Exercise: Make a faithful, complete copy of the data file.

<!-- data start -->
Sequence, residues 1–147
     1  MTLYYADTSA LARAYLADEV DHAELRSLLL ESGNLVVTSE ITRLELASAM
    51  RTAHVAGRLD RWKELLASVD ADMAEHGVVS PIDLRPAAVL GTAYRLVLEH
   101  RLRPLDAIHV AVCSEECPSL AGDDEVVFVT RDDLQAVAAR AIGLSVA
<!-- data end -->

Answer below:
Sequence, residues 1–147
     1  MTLYYADTSA LARAYLADEV DHAELRSLLL ESGNLVVTSE ITRLELASAM
    51  RTAHVAGRLD RWKELLASVD ADMAEHGVVS PIDLRPAAVL GTAYRLVLEH
   101  RLRPLDAIHV AVCSEECPSL AGDDEVVFVT RDDLQAVAAR AIGLSVA